Susan Ryan, the federal Age Discrimination Commissioner, was feeling happy after her meeting with Sydney’s gay and lesbian community. She’d been discussing the efforts underway – which later proved successful – to make it unlawful for church-based aged care facilities to discriminate against gays. You could say she had a spring in her step as she walked to the corner of Pitt and Bridge Streets in the heart of the city. But when the lights at the crosswalk changed and she stepped off the kerb, she fell into the gutter. “The next thing I’m in the most excruciating agony with blood everywhere,” she told me.
More than five months later, she still doesn’t know what happened. She was wearing flat shoes. Perhaps she slipped on something. But when she looked at her legs, she felt shock – her left foot was facing the wrong way. This is how the nation’s chief advocate for the elderly became one of the 84,000 or so older Australians who end up in hospital each year as a result of a fall. “I’m 71 and I’d never broken a bone before,” she said. “And this was a compound fracture, two bones in the ankle broken – one had gone through the skin – and the tendons torn.”
It doesn’t necessarily take personal experience to sensitize you to the travails of others. But sometimes it can be a short-cut to deeper understanding. For Ms Ryan her experience has proven an eye-opener about the potentially calamitous consequences of a simple fall, and about the urgent need for age-friendly cities, communities, houses and apartment buildings.
“Falls in the elderly” is a topic entirely deficient in sex appeal. It lacks the newsworthiness of, say, bringing to heel remnant churches intent on banishing gays from their nursing homes. But it’s a deadly issue. Data from the Australian Bureau of Statistics shows that 1530 people aged 75 and over died as a result of falls in 2011. That’s higher than the national road toll – vehicles claimed 1290 people of all ages that year.
Since her appointment in 2011, Ms Ryan, a former minister in the Hawke government, has been a tireless advocate for older Australians. She’s worked to improve policy, laws and public awareness about “active ageing.” Engagement and independence have been her themes. And suddenly she was an invalid; ten days in hospital, three steel pins in her ankle; a fibre glass cast up to her knee for eight weeks; a wheel chair for three months, and finally a walking stick. Without her partner, Rory, she couldn’t have stayed in her flat. Even with him as a strong and willing helper, it was hard to get inside the apartment building.“There was one step that was too high to get the wheelchair up,” she said. The buzzer in her flat to allow people into the building was out of reach from the wheelchair. The step onto the balcony was too steep. She couldn’t have a shower, and needed community nurses in. She wasn’t able to cook – and cooking wasn’t Rory’s thing.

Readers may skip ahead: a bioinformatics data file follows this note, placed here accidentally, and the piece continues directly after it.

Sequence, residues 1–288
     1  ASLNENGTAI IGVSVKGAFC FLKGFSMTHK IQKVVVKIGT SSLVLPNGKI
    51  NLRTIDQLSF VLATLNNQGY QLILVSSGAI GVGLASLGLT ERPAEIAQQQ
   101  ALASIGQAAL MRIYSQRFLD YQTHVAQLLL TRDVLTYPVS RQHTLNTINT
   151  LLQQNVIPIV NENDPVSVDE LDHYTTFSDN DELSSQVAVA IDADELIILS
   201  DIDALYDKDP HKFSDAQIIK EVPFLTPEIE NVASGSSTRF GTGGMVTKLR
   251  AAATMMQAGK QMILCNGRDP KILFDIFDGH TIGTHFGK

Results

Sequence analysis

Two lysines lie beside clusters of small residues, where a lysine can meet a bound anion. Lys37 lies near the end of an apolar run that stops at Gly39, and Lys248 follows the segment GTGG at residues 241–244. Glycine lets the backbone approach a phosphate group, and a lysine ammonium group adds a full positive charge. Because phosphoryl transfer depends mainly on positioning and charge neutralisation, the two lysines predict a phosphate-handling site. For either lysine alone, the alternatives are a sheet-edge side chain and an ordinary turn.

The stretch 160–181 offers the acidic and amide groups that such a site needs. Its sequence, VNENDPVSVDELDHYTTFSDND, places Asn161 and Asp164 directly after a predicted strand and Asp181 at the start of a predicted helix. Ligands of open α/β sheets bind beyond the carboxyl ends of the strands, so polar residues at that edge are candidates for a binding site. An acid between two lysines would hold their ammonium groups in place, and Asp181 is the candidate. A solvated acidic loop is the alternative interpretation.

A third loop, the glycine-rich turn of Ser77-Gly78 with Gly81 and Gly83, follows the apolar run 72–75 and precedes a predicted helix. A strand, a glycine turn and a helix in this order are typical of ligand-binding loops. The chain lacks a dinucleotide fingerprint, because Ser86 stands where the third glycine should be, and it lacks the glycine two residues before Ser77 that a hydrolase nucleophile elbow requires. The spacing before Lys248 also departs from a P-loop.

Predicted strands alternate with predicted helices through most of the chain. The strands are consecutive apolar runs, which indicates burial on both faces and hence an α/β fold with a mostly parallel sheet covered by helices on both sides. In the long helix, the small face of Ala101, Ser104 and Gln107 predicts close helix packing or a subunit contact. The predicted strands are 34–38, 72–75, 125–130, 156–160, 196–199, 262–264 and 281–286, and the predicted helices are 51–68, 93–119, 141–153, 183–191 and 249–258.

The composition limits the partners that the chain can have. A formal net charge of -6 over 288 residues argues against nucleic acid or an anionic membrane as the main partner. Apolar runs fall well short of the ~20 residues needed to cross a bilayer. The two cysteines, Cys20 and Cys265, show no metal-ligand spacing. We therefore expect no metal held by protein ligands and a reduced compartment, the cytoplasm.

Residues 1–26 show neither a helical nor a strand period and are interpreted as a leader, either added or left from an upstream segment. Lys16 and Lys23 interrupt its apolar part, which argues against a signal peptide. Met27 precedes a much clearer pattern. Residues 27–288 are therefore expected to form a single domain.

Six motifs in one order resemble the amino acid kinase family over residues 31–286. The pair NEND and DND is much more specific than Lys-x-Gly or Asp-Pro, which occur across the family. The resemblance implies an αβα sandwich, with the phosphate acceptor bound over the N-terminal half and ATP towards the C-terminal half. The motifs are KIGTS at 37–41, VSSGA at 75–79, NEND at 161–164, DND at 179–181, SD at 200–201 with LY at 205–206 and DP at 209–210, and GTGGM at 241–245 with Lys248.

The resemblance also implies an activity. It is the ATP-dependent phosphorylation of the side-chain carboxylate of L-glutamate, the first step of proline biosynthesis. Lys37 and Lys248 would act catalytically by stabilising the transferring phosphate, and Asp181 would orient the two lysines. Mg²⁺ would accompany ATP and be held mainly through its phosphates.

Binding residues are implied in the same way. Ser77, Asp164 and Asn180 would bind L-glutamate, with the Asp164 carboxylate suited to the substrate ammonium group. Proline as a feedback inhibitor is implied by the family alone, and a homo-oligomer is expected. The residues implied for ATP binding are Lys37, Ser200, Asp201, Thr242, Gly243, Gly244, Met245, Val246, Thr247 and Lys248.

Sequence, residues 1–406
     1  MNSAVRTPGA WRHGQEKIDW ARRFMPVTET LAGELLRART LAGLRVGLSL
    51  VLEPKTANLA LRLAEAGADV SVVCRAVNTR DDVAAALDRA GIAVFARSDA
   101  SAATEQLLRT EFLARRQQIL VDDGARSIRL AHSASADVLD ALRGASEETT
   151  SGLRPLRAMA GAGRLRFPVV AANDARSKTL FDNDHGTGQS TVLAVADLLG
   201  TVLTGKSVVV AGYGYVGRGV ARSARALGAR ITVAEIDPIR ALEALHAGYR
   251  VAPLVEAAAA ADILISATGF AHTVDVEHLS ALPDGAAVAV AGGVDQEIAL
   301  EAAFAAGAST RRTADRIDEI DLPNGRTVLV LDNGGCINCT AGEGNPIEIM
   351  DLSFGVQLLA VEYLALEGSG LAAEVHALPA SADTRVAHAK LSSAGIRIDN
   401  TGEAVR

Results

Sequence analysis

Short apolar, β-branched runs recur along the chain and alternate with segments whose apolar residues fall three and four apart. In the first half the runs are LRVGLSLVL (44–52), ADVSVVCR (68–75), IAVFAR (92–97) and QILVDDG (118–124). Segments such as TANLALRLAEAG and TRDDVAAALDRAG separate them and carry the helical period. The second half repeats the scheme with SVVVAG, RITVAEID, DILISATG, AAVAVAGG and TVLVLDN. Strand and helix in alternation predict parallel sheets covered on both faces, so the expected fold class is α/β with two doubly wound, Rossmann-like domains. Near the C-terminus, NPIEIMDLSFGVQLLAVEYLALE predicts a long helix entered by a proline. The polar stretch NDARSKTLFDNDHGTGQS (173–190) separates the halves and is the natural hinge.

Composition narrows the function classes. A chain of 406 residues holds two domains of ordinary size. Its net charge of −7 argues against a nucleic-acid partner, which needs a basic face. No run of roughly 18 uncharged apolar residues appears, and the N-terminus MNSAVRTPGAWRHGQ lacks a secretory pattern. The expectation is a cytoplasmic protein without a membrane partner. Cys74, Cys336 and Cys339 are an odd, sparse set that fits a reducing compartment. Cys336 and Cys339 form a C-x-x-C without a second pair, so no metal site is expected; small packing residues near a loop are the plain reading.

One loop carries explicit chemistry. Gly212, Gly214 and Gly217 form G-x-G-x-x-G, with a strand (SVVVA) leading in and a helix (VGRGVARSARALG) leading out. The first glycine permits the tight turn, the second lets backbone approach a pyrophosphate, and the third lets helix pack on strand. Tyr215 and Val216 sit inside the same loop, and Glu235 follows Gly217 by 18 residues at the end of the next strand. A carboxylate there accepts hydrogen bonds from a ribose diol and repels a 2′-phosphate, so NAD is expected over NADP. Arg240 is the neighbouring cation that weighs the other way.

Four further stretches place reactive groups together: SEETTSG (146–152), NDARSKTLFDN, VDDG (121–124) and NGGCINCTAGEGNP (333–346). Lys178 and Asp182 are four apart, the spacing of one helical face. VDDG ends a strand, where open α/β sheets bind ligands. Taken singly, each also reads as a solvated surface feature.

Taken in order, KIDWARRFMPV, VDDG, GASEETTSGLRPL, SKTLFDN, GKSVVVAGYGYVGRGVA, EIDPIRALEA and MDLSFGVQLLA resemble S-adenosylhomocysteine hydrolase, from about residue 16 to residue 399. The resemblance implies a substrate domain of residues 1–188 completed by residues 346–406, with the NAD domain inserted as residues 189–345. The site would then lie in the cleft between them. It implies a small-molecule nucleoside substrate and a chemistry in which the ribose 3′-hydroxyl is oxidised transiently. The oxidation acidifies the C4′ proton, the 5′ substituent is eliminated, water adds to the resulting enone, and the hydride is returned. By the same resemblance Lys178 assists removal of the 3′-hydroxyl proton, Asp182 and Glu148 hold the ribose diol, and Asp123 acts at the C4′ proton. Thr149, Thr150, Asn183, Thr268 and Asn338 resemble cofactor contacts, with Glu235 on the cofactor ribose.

Physical recovery took its time as it does with complex breaks. But the psychological aftermath was also a factor. “I’d lie in bed thinking ‘Will I be able to walk again?’” she said. “I feared I wouldn’t get the use of my ankle back. I’m no athlete but I’ve been pretty active. I fly around Australia. I go overseas.” Perhaps the worst fear was whether the fall signalled the start of a decline. “Was this the beginning of going downhill? I had intimations of dependency,” Ms Ryan said. “I didn’t want to be someone who couldn’t make herself a cup of tea.”
Working from home helped her recovery. As she was able to get out more, she found herself being “super-cautious” and lacking confidence: “I walked down the street constantly looking at the road, the footpath, the kerbs, looking for a trap.” She started to notice things: the lack of rails on stairs; public buildings, such as the State library, where the lifts shut down at night; broken footpaths, uneven gutters, bumpy asphalt patches on the pavement; obstacles to trip over. “Being in the city is a constant hazard,” she concluded.
Though her jurisdiction is federal she’s now keen to promote greater awareness among local councils of the UN’s age-friendly cities movement. It aims to make communities safe and accessible places for older people but it’s been slow to catch on here. She’s meeting with the City of Sydney and Randwick councils, and she’s taken the matter up with the Commissioner for Senior Victorians, and will do so with the NSW ministerial advisory committee on ageing. Human error and human frailty can play their part in falls. And for many, it’s the home, not the street, that’s full of hazards. Even so, Ms Ryan says, “Those entrusted with the planning and maintenance of our cities and suburbs should be much more conscious of public safety.”
As I write this, my left foot is in a “moon” boot. I, too, broke my ankle a month ago. I was walking fast and tripped on a subsided, broken piece of pavement. My break was simple compared to Ms Ryan’s. But it’s been a tough time none-the-less. This is a huge hidden health problem incurring ballooning health costs yet our national response to falls prevention has been patchy. Medical experts tell me more can be done. I’ve no doubt Susan Ryan will be a passionate advocate. Once it happens to you, you don’t forget.
Has it happened to you or someone you know? Any ideas? Please Comment.
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